AUSTIN, Texas (AP) — Texas’ chief oil and gas regulator was on vacation in the critical days surrounding Hurricane Harvey as her agency grappled with fuel shortages and scrambled to respond to refinery spills caused by the storm, according to records obtained by The Associated Press.
Kimberly Corley’s work calendar listed her as on vacation for 11 days in a two-week span before and after Harvey came ashore Aug. 25 as a Category 4 hurricane. The former Shell Oil executive was named in December 2015 as executive director of the peculiarly named Texas
Railroad Commission, which has nothing to do with trains but is responsible for enforcement of the state’s oil and gas industry.
Corley abruptly stepped down last week. Reached by phone Wednesday, she said she had been in Big Bend, a popular camping getaway on the Texas-Mexico border. She said she was engaged in the storm response while away, adding that Harvey wasn’t mentioned in a meeting with the agency’s chairwoman that preceded her resignation.
“Harvey never came up in the conversation,” Corley said. “Nothing related to performance came up in the meeting. I was active and available.”
She was paid $180,000 a year overseeing the small agency, which has long faced criticism for lacking transparency and being too cozy with the drillers and producers it is tasked with keeping in line.
During Harvey, the commission had a presence in the state’s emergency operation center while responding to tank spills at refineries and reassuring the public there was plenty of fuel. Long gas lines were a common sight in Texas and elsewhere in the U.S. as Harvey caused energy prices to rise and drivers pumped stations dry.
According to Corley’s calendar, she had no scheduled phone calls or meetings in the two days before Harvey struck as the most powerful hurricane to hit in the U.S. since Hurricane Katrina in 2005. She had “Hurricane Harvey Update” calls listed on both the Friday the storm made landfall and Saturday, when Harvey parked over Houston and began dumping a record 50-plus inches of rain.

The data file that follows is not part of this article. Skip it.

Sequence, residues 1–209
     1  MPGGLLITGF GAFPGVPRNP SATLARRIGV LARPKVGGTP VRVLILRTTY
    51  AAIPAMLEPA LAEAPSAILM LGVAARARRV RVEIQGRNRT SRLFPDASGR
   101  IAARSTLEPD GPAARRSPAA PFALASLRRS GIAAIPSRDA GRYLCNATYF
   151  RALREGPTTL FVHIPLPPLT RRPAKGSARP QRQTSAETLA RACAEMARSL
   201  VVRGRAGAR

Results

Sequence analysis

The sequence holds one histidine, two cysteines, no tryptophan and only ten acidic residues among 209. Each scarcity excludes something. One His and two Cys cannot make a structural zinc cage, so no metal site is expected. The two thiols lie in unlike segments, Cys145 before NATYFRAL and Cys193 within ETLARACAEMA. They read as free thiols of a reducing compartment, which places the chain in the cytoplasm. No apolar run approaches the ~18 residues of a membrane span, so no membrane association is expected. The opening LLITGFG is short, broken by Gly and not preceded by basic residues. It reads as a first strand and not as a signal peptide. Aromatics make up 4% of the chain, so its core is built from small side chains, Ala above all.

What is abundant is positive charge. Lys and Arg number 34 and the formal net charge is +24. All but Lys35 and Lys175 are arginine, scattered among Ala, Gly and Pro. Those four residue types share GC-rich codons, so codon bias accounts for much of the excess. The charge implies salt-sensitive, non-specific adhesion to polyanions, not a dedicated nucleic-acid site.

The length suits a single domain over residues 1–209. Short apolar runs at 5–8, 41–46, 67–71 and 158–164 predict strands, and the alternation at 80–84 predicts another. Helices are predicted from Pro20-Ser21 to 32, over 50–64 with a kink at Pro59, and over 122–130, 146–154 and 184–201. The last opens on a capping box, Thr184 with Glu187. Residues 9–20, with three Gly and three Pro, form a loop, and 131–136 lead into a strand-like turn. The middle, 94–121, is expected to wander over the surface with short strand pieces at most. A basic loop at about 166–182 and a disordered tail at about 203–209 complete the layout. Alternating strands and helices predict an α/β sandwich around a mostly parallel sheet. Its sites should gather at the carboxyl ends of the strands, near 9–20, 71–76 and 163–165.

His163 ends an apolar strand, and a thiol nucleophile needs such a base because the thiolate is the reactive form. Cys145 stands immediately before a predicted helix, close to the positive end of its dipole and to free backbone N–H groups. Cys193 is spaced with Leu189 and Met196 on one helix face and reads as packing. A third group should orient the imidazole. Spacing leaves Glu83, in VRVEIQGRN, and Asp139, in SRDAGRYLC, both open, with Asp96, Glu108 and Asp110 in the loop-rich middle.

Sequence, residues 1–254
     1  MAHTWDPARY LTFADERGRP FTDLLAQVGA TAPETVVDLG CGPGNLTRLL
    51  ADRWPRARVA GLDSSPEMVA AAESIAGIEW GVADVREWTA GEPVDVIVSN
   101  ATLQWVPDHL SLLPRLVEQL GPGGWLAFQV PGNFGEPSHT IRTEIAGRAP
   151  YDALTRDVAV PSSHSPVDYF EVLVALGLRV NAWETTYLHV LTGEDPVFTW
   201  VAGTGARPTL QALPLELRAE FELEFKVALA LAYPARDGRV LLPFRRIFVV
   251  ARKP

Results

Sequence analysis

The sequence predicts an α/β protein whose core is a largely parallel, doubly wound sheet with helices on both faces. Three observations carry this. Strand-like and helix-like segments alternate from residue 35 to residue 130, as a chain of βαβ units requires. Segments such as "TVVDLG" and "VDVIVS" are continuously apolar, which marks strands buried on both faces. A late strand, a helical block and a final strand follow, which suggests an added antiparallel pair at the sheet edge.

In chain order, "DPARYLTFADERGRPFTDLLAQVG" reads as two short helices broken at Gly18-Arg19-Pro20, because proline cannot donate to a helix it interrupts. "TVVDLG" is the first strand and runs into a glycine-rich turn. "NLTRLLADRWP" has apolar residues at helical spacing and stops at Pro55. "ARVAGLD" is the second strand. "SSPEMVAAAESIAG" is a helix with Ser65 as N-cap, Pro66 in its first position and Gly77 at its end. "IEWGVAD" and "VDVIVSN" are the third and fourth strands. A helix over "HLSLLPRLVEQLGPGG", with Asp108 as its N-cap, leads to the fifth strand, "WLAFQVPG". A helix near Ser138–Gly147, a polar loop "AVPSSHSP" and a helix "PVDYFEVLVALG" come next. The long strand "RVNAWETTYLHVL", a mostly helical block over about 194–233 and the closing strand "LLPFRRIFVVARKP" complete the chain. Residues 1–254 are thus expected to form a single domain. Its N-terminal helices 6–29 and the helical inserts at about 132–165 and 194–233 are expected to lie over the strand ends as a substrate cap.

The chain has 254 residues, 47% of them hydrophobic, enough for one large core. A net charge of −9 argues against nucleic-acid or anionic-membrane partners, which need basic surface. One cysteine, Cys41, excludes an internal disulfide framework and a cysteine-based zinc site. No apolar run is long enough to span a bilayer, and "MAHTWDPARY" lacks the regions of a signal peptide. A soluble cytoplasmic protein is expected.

Corley is shown having multiple meetings Aug. 28-30 before taking vacation again Aug. 31 through the Labor Day weekend.
But it wasn’t until an unusually tense and heated public meeting of the agency’s three-member board last week that problems surrounding Corley became apparent. Chairwoman Christi Craddick, a Republican who is Texas’ only female elected statewide official, was pointedly challenged by fellow commissioner Ryan Sitton about Corley’s status.
Sitton told Craddick “this isn’t a dictatorship” as Craddick rebuffed questions about Corley. Escalating the feud further, Sitton has since asked the Texas attorney general’s office whether Craddick violated open meetings laws and exceeded her power in her handling of Corley.
Jared Craighead, Sitton’s chief of staff, defended Corley and said her physical absence did not affect the agency’s preparations or response to Harvey.
“Kim was available the entire time,” Craighead said. “It was regular interaction. In this 21st century world of technology, any of us can be on emails or conference calls from pretty much anywhere.”
Craddick has said the agency needed to move in a different direction but her office has not elaborated on why Corley was let go.
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